The cobblestoned old town of Mostar is a must-see destination in Bosnia & Herzegovina. Its charming stone buildings line the Neretva River, connected by the high-arched Stari Most bridge (the one pictured below). This iconic bridge was originally built in 1566 under Ottoman rule, and is one of Bosnia & Herzogovina’s most recognizable landmarks.
The Stari Most bridge is not only a symbol of Bosnia & Herzegovina, but also of the tragic events of the Bosnian War and subsequent healing process. Mostar suffered greatly during the war in 1992-95 after the disintegration of Yugoslavia. This war is extremely complex to understand; but here’s the gist of it in a very basic nutshell, as I understand (keeping in mind that I’m no historian, I’m just an outsider trying to make sense of the history):
Since the world wars there were always deep nationalistic tensions between the Croats and Serbs; these tensions were suppressed under Tito’s rule under a unified communist Yugoslavia. After Tito’s death, poor economic times and lack of strong leadership led to a renewed rise in these nationalistic divisions. The Croats, who had felt persecuted under Tito’s regime, were eager to form an independent Croatia, while the Serbians viewed Yugoslavia as a type of “greater Serbia” and resisted the breakup of “their” territory. Bosnia (with its mix of Serbs, Croats, and Muslims) was culturally and geographically at the center this tug of war, and once Croatia and then Bosnia voted for independence, the Yugoslav People’s Army (JNA) and other Serbian paramilitaries responded brutally, occupying much of Bosnia and committing atrocities of ethnic cleansing not seen on European soil since WWII. United Nations forces were sent in to “keep the peace” by attempting to disarm both sides, but in reality their policy of “neutrality” meant that they did nothing while the much more heavily armed Yugoslav army continued their massacres.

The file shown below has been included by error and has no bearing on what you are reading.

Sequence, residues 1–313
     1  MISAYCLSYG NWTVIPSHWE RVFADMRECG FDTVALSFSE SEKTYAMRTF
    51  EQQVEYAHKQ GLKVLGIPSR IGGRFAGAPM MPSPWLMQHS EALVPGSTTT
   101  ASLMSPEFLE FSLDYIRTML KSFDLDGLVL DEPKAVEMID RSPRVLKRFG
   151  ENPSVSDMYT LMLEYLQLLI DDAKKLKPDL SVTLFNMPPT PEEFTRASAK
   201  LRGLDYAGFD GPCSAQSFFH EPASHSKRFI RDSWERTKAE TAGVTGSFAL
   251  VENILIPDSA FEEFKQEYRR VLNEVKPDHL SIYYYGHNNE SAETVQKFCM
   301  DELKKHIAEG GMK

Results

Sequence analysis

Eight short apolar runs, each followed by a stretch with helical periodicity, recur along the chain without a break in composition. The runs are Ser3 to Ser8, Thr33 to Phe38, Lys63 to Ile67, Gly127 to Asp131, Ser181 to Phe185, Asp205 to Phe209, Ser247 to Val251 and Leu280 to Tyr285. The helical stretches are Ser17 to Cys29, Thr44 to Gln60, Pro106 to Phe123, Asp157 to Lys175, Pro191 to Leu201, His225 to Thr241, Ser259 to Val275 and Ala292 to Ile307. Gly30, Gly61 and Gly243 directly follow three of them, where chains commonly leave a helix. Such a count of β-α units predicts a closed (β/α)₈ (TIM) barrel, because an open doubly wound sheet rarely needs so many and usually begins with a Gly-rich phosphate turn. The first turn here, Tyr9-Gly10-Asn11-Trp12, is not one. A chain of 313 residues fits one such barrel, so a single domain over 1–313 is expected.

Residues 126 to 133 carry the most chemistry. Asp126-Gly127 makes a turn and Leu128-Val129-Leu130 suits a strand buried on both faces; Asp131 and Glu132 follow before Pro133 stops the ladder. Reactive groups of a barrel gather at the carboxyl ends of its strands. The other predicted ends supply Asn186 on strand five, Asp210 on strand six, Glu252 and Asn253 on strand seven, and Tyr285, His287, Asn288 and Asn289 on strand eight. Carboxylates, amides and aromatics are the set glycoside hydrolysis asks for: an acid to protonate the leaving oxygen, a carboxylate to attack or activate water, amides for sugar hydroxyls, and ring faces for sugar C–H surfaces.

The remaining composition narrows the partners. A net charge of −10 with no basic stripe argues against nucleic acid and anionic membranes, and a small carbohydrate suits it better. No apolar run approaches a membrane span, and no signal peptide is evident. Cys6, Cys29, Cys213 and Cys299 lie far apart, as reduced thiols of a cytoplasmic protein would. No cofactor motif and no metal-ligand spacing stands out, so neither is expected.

In 1992 Mostar was attacked and bombed by the JNA (Serbs), until a UN-brokered agreement moved the JNA forces out. The defense of the city was left to the Bosniak (Bosnian Muslim) and Croat armies, while Serbs from Mostar were forced to leave and many Serbian cultural and religious monument were destroyed. In 1993 the allied Croat and Bosniak forces turned against each other, due to the unwillingness of the Bosniaks to form a confederation of Bosnia and Croatia (with large parts of Bosnia carved off for the Croats), resulting in a brutal 11-month siege against the mainly Muslim east side of the Neretva River, which was almost completely destroyed though never captured. In November 1993, after 427 years of spanning the river, the beloved Stari Most bridge collapsed after tank shelling from the Croat side. In March 1994 the Washington Agreement was signed, which ended the Croat-Muslim confict. The broader war continued until finally NATO conducted air strikes that crippled Serbian networks and the Bosnian and Croat armies were able to retake large portions of land. In December 1995, the Dayton Peace Accords were signed, formally bringing an end to Bosnian War.
The Stari Most bridge was reconstructed in 2004, once again connecting the two sides of Mostar.